Very Rare Commentary on the Nanjin

Nangkyo [or] Nankei hongi taisho [Original Meaning of Nanjin, Explained]. In Chinese with Japanese reading marks.

Many woodcuts & diagrams in the text. 27 vols., including one vol. of Preface, bibliography, & index; three vols. of the Nanjin & Shou Wa’s commentary; three vols. of illus. & remarks on the illus.; & 20 vols. of Morimoto’s commentary. Large 8vo, orig. semi-stiff wrappers (some rubbing & wear, occasional worming), orig. block-printed title labels on upper covers (some missing or worn), new stitching. [Japan]: Preface dated 1678; [according to the Union Catalogue of Early Japanese Books, publication date is 1695, but on what basis, we do not know].

First edition of this rare (not in WorldCat) and extensive commentary on the Nanjin (Classic of Difficult Issues, or, more fully, Manual of Explanations of 81 Difficult Passages in the Inner Canon of the Yellow Emperor), written in the first or second century A.D. The Nanjin (or Nan Ching) played a seminal role in the later development of Chinese medicine; it addresses questions concerning the location, size, and normal functions of the basic units that constitute the organism, discusses the origins and the nature of illnesses, outlines a system of therapeutic needling, and develops in great detail an innovative approach to diagnosis.

“The Nan-ching is the Chinese medical classic that provoked the largest number of commentaries in subsequent centuries. It is safe to say that in terms of intellectual importance and influence, the Huang-ti nei-ching texts [The Inner Canon of the Yellow Emperor], with their unsystematic, heterogeneous, and partly pre-systematic correspondence contents, were pushed almost into oblivion during the first millennium A.D. by the Nan-ching…the diagnostic innovations introduced by the Nan-ching gained wide acceptance in subsequent centuries and have remained, in theory at least, the dominant diagnostic tool of the practitioner of the medicine of systematic correspondence to this day,”–Unschuld, Medicine in China. A History of Ideas (2010), p. 85.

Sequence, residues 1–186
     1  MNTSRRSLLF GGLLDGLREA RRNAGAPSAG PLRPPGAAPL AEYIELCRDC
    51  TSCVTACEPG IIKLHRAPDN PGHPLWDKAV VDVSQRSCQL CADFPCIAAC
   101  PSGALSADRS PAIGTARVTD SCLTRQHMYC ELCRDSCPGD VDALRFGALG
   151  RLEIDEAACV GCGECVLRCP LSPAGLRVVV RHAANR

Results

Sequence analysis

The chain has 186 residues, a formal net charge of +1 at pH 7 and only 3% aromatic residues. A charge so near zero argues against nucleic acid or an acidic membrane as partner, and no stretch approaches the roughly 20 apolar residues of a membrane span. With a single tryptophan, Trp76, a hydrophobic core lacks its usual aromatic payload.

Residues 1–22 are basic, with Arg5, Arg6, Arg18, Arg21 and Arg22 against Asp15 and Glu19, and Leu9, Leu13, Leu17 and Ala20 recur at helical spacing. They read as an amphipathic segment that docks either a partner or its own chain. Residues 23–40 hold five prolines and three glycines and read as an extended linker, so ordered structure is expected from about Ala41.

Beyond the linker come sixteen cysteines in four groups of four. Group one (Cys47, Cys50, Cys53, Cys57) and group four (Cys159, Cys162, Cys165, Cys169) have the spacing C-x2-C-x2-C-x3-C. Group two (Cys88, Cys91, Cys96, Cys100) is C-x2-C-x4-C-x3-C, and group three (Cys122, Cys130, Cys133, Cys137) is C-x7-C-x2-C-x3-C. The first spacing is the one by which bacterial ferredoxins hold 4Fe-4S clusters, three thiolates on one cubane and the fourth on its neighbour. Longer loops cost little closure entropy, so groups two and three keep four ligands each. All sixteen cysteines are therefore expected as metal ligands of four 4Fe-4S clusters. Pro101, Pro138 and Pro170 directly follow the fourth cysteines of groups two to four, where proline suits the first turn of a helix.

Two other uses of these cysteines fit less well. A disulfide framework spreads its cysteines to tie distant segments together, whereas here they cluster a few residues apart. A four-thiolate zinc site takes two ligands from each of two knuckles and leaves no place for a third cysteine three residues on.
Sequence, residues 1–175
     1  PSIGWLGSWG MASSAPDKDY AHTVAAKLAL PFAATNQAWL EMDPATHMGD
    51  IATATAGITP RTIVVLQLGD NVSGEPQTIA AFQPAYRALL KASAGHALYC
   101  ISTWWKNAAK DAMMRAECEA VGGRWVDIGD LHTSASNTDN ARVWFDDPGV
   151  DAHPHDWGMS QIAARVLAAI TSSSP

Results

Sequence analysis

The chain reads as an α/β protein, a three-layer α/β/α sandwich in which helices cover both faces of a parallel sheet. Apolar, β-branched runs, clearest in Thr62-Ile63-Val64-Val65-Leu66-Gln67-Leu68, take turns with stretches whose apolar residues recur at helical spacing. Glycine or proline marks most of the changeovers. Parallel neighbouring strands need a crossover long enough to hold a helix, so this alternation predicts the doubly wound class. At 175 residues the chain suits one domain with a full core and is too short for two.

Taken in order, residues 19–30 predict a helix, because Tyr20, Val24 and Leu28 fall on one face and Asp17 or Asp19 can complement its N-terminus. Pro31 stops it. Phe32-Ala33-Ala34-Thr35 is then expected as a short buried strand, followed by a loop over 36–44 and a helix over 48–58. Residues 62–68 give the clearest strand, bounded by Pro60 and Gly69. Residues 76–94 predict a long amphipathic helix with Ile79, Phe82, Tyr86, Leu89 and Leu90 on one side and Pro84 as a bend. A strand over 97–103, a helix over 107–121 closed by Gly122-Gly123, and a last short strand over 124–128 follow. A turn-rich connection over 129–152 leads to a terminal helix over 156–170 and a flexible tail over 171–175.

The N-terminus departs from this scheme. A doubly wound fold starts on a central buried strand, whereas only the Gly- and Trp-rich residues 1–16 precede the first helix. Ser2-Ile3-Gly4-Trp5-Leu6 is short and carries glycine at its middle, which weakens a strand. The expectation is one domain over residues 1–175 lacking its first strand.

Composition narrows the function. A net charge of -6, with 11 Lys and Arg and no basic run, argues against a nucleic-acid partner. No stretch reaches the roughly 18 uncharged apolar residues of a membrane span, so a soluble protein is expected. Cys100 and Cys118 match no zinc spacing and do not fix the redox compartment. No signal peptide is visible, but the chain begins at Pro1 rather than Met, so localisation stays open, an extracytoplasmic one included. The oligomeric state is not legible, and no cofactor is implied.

The 81 chapters of the Nanjin are as follows: chapters 1-22 discuss the pulse; chapters 23-29 deal with channels and collaterals; chapters 30-47 explain visceral organs; chapters 48-61 study diseases and ailments; chapters 62-68 focus on acupoints; and the final 13 chapters explore acupuncture.

In the 14th century, the famous Chinese physician Shou Wa (active 1360-70), whom Needham describes as “one of the greatest medical writers of the Yuan times” (Celestial Lancets, p. 101 & see pp. 156-57), provided extensive commentaries on the Nanjin. To the 12 standard meridians, Shou Wa was the first to add two extra meridians, the “governor vessel” (du mai) and “conception vessel” (ren mai); the 14 meridians then became the standard major meridians in most schools of clinical application.

Several editions of Shou Wa’s commentary were published in Japan in two volumes under his Japanese name, “Ju Katsu.” The present work is a further extensive commentary on the Nanjin and Shou Wa’s own commentary. Little is known about Morimoto except that he was a doctor in Nagasaki.

This set is complete and in fresh condition. There is some worming to many of the covers and some worming in 13 of the volumes, touching text and illustration. However, we do not find these defects offensive or important, considering the rarity of this book. Occasional minor staining and dampstaining. In two chitsu.

Price: $12,500.00

Item ID: 6921